TCU Online MLA?

Discussion in 'General Distance Learning Discussions' started by azureskye, Oct 23, 2012.

  1. azureskye

    azureskye New Member

    What's the deal with the program? As I was reading through the requirements for the online MLA at TCU I noticed that all that they required was proof of a bachelor's degree. No minimum GPA mentioned, no GRE required. For those of you who have done this program, is this an open admission type program? I know it's a non-career degree, but what does that mean exactly? Does this also mean that it's not a "real" academic degree? Like, extension credits only? No possible progression to a ph.d? Are (for example) the units are not transferable anywhere else or does this mean that it can't count for a masters+18 units adjunct-teaching type of deal? Will the units count as academic credit for those that want to obtain a masters in something else entirely later?
    I've emailed the school a while ago but haven't gotten a response.
  2. Bruce

    Bruce Moderator

    This is one of my favorite DL degrees, although it's on the expensive side. There are no required courses, you just need to amass a certain amount of credits from the list of very diverse MLA courses, and you earn the degree.

    Not good for doctoral preparation, but it would absolutely be fine for the 18-hour minimum for adjunct teaching, provided you earn at least 18 hours in a specific discipline. As far as transferring credits to another Master's program, that generally isn't allowed anyway. If you have graduate credits that haven't been applied to an earned degree, some schools will accept them in transfer, but graduate credits from an earned graduate degree will generally not transfer to another graduate degree program.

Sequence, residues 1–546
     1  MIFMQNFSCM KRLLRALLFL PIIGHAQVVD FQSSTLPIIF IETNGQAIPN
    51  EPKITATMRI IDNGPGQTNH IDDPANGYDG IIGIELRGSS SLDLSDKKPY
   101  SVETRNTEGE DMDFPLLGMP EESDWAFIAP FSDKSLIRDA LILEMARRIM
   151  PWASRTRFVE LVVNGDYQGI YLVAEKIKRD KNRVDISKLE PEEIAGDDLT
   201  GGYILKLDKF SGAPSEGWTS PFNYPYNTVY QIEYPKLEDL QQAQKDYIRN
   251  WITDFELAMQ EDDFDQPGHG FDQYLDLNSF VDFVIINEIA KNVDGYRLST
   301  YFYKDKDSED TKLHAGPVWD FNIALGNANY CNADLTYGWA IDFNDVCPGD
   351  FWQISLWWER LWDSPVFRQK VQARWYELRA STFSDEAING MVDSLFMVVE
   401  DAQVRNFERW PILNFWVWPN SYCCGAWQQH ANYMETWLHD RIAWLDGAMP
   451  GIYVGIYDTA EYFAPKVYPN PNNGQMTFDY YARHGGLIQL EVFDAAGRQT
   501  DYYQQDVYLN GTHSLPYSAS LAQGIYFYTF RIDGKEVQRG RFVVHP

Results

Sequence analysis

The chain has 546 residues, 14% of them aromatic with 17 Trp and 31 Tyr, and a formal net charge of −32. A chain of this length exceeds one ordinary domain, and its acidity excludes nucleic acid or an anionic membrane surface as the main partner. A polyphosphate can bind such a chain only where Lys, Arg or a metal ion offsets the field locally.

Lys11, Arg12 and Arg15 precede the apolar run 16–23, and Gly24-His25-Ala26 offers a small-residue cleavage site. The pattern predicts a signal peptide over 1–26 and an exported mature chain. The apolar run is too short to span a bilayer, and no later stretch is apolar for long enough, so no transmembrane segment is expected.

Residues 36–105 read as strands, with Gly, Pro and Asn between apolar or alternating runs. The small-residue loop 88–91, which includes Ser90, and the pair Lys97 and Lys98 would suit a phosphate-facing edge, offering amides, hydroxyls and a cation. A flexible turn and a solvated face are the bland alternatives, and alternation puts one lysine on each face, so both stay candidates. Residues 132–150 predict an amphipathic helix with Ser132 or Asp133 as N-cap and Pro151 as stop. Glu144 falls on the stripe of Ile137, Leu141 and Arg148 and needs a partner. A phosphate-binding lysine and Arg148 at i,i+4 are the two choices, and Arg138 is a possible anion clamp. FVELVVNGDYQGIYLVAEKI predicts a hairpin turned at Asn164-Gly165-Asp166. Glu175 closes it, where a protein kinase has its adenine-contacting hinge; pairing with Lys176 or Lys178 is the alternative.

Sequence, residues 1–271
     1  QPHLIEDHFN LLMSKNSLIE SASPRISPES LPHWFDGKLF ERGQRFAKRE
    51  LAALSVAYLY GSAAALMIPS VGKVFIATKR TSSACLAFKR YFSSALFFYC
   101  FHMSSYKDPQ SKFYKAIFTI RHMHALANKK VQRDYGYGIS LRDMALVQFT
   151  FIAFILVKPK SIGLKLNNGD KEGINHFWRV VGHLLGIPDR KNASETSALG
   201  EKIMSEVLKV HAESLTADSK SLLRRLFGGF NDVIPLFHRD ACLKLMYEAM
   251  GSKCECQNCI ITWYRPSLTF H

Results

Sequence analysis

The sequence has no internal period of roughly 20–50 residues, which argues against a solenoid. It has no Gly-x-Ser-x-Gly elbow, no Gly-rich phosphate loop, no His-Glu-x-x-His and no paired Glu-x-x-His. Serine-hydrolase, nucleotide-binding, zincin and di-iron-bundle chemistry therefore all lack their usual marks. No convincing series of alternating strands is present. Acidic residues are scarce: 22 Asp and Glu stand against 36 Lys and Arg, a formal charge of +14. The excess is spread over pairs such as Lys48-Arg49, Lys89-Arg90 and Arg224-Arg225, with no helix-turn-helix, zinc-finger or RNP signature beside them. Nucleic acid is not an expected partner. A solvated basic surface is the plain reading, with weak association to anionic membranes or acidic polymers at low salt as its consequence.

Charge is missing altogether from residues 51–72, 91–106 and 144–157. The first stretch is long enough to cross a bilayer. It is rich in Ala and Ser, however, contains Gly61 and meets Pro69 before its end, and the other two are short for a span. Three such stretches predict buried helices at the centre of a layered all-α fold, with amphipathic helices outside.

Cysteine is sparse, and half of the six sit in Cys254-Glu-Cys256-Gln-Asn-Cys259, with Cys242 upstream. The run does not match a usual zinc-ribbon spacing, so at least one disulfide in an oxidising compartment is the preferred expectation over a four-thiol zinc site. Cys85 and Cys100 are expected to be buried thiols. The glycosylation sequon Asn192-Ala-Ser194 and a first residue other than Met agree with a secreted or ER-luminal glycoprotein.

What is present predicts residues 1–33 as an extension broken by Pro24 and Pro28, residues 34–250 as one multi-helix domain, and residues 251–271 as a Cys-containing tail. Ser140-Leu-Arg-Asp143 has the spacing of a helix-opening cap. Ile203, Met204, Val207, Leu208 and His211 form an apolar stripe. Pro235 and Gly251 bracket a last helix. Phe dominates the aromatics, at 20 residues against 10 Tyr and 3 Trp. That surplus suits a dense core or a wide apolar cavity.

3. NMTTD

    NMTTD Active Member

    So with this degree you can literally take whatever classes you want, no matter what they are in, and you get the degree? My husband nearly fell out of his chair when he read this. He is wanting to teach online, and he was thinking he would maybe get this degree and then a certificate in whatever he wants to specialize in and then he could teach. Is he on the right track with this? Or would he have to teach in person for this to work?
    Last edited by a moderator: Oct 23, 2012
  4. Randell1234

    Randell1234 Moderator

    Online teaching jobs are competitive. A general masters from TCU (whoever the heck that is) may not be the ticket. On ground experience is always helpful when applying for a teaching position.
  5. TonyM

    TonyM Member

    No way to get 18 semester hours in one discipline

    The individual TCU MLA courses are also multidisciplinary, so there's no way to gather 18 semester hours in a single discipline.

    Still, it's still a master's degree from a good university, so it'll have value on in a lot of scenarios, but is probably not too useful for college teaching.

    Here's how TCU describes their MLA courses: "Each course approved by the MLA Advisory Committee, must meet the philosophical intent of the program to provide a multidisciplinary, non-career oriented graduate education in the liberal arts."
    Last edited by a moderator: Oct 23, 2012
  6. emmzee

    emmzee New Member

    For anyone who's interested, TCU = Texas Christian University (regionally accredited). Info about the program is here:

    The page notes that "The MLA degree requires successful completion of 30 hours of course work. Twelve of the 30 hours must be in MLA courses designated "Perspectives on Society."" (The Perspectives on Society seem to be a subset of the offered MLA courses.)

    Tuition cost is rather high ... $730/hour plus $112 fee per online course. So assuming 10 courses to earn 30 credits, total tuition cost = $23,020 (plus books, other fees, etc)
  7. Randell1234

    Randell1234 Moderator

    Thanks, I looked over the site and never did see "Texas Christian University"
  8. Tireman 44444

    Tireman 44444 Well-Known Member

    Did not Dennis attend TCU's MLA program? I swear he talked about it.

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